by Sinclair Newton
Some of the LiveIbiza sleuths asked me what The Ten Things I Took Home From Ibiza were going to be before I had even taken them.
Non-foodies should go to paragraph eleven now. For the rest of you, here goes:
1). Some pre-Roman "Torres" sea salt. A kilo of it. They call it "sal" and it comes in a flimsy plastic bag that perforates easily and can destroy the entire contents of your suitcase if you don't wrap it up in a Harvey Nick's carrier bag. You also have to recognise how precious this is, not simply because it makes your food taste better, but because easyjet.com only allow your suitcase to weigh the equivalent of twenty five of these bags, or 25 bags of any other kind of white powdery stuff, come to that.
2). A slender bottle of "Lau" chilli sauce. Try as they may to make it look as if it's foreign (i.e., not Spanish) by putting "Piri Piri" on the label, this is hot, bright red, dribbly Spanish firewater. You slug some into a tumbler already brim full of vodka, tomato juice and Worcestershire sauce made in Worcester. Nowadays I just watch other people do it and I delight in them thinking it's like Tabasco and then it makes their eyes pop out like Gary's rats when one of the cats gets them at night. It contains water, vinegar, pounded chilli, and some of that salt. It's the colour of your blood on the way back from your heart rather than on the tortuous journey there. It's on this list because unlike the salt it's not heavy and in fact weighs in total only as much as a reasonable cocktail.
3). Wooden toothpicks. Not many people realise that the Spanish undervalue wooden toothpicks. You can buy a big cardboard box wrapped in cellophane holding six hundred of the flat ones (the Spanish word for them is palillos) for about one third of a Euro and the lovely thing is that it says "Planos higienicos" on the label as well as "cure dents plats" and though I haven't a clue what any of that means it looks as though it says it will do your teeth good. (I also got some poncy round ones in a plastic shaker, but I think that by the time you come to shake them out at the end of a mostly liquid lunch you'll hurl them all over the floor like someone who's not necessarily going to remain your friend. However, they only cost about tuppence).
4). The saffron. In my time I've had Turkish and Mexican saffron, but nothing compares with the real stuff from Spain. Certainly nothing in Manchester compares with the cost here and I'm still finding it hard to believe I've got 5g of the stuff for about a fiver whereas in Harrod's food hall it would be the equivalent of Osama Bin Liner's ransom once he's out of his cave.
5). Two for one. These are the "Ducron" tins of paprika. There's Pimenton "dulce," which sounds soft, like Emily's voice, and "picante" which sounds like Kirk when it's his turn to make the tea. The contents of the last one I took home ten years ago can still make a roast chicken go an interesting, burnished colour, but the tin went rusty after the toilet flooded over. Don't ask.
6). Powder to make paella look the right colour. It comes in little folded up paper packets in boxes of ten sachets for six portions each. I'm contemplating who the right five people should be to accompany me for this feast, on the basis that the LiveIbiza team is unlikely to turn up all at once in Haughton Green. There are two kinds and I've got them both. There's "Carmencita", which has the prettiest packaging, but they leak worse than the salt, and the ones Gary recommends, called - for some irksome reason - "El Aeroplano" which sport a crude drawing of an old Focker on the cover.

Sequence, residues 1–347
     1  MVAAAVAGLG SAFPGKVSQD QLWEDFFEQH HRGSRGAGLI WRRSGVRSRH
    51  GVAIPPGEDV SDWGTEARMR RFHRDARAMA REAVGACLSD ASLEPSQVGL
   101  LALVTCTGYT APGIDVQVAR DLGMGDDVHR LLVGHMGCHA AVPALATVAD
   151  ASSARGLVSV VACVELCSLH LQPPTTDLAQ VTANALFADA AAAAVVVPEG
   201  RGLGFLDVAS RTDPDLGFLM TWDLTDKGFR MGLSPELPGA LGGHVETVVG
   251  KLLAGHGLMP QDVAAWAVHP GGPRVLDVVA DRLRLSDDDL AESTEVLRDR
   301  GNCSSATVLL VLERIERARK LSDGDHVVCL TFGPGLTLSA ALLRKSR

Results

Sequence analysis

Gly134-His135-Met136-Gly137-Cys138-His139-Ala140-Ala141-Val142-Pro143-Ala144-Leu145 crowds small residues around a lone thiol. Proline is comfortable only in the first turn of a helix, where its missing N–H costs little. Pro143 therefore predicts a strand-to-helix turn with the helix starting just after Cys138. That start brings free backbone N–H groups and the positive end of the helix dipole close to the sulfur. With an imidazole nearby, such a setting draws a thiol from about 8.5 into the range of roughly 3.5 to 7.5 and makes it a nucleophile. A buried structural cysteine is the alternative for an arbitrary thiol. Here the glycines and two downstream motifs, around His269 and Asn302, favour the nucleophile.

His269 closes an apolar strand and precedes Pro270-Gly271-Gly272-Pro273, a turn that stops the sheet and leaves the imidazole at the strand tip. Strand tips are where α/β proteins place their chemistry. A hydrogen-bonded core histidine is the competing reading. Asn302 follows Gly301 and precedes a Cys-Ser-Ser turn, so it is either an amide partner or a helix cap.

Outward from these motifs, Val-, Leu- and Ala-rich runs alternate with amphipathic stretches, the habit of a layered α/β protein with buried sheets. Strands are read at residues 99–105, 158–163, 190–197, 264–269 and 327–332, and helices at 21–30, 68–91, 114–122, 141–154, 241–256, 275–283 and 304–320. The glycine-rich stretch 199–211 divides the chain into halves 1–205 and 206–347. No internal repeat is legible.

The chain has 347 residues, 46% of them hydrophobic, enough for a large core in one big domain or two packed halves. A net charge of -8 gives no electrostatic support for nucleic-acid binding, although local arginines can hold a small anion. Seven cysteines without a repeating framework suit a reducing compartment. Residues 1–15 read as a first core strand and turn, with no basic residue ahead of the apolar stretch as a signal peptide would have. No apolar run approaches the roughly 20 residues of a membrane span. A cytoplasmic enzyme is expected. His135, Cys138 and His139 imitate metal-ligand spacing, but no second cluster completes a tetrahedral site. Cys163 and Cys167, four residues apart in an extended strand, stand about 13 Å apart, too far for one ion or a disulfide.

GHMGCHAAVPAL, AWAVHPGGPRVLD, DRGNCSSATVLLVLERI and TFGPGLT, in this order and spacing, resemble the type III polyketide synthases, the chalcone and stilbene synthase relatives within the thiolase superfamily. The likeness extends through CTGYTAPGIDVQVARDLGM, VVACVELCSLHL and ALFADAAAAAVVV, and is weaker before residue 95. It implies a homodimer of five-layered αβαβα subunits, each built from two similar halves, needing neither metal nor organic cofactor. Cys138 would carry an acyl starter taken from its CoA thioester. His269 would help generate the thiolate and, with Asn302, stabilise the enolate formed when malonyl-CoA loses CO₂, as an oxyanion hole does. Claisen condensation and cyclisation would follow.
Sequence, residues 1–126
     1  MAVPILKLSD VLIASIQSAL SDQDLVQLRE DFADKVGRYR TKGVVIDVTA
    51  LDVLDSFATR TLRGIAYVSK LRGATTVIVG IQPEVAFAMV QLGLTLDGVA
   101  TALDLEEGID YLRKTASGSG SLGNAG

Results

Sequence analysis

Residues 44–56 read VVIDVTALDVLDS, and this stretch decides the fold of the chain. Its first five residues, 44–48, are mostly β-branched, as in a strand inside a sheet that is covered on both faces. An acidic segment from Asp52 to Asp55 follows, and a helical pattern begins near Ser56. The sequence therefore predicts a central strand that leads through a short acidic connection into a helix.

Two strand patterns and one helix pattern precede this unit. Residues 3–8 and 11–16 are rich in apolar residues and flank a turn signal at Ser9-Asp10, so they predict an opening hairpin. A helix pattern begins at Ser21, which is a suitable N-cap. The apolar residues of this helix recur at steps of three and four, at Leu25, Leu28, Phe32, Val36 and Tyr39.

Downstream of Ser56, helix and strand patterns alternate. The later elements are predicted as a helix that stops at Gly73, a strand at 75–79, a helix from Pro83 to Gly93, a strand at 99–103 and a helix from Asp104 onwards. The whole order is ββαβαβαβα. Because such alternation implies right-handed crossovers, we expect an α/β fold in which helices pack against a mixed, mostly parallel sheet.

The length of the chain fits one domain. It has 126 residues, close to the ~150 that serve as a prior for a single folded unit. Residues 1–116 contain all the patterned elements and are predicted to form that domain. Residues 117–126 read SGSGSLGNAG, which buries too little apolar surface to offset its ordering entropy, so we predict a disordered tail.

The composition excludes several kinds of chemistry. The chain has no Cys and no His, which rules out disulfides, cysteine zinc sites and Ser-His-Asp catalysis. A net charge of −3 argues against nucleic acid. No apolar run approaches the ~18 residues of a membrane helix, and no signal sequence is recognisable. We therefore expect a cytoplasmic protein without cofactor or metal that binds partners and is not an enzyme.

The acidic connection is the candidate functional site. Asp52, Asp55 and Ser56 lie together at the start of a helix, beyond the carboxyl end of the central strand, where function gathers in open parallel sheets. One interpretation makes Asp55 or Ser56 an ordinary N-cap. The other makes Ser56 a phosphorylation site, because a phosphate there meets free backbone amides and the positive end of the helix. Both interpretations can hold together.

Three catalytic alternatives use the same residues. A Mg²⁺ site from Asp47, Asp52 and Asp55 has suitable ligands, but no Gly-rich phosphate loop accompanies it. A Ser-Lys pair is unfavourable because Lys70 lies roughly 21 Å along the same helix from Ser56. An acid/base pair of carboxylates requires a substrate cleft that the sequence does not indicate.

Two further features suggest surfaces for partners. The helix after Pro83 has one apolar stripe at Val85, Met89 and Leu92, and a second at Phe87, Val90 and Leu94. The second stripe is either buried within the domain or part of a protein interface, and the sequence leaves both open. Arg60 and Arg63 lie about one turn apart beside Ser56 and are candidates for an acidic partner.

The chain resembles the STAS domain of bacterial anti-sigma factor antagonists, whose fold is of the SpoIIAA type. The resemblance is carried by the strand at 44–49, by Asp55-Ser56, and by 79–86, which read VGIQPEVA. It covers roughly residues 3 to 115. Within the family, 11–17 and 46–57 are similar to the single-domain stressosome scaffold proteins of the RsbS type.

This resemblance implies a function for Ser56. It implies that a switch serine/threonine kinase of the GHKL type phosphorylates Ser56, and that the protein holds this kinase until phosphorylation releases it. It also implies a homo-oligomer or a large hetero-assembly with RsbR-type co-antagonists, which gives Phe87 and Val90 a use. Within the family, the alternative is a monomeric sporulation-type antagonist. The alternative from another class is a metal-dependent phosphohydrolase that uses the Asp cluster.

7). A wooden spatula. I'm horrified by the number of plastic spatulas I must have eaten as they melt into the bacon and eggs and the metal ones destroy even the sturdiest non-stick frying pans. I never see wooden spatulas in England and this wooden job cost 215 Pesetas from a hardware shop and set me musing about software shops, which stopped me thinking about how long it will be before I've eaten this one as well.
8). The tobacco. I am going to stop smoking, but not before I've got through this ridiculously cheap stuff. Golden Virginia here costs just under half the price of the black market variety commonly available in English pubs. The only other thing worth saying about it is that they think they are fooling the tourists by selling it in 40g packs instead of 50g, but as they only charge a quarter of the price it would be churlish to complain, even in the shop where they still owe me a fiver (I hadn't the heart to mention it).
9). A truffle. Now in England we think truffles are chocolates, but nonetheless exotic. Real truffles are snuffled out from near tree roots by pigs and are rare and thus expensive. This little jar gets in here because it is so small and only cost a few Euros. It will go in one omelette when I can find the right person to share it with for breakfast and no doubt she will also be able to spell omelette.
10). The LiveIbiza cards. I have a hundred LiveIbiza cards with this website address and they will be distributed at the World Travel Exhibition in London next week. The Balearic tourist people have a stand there and I will be standing nearby. Gosh, we do get about!
Hello again non-foodies. You will be pleased to know I didn't mention sobrasada sausages once.
I cannot resist an eleventh thing. It's
the memories I take back that are more important than anything that fits into
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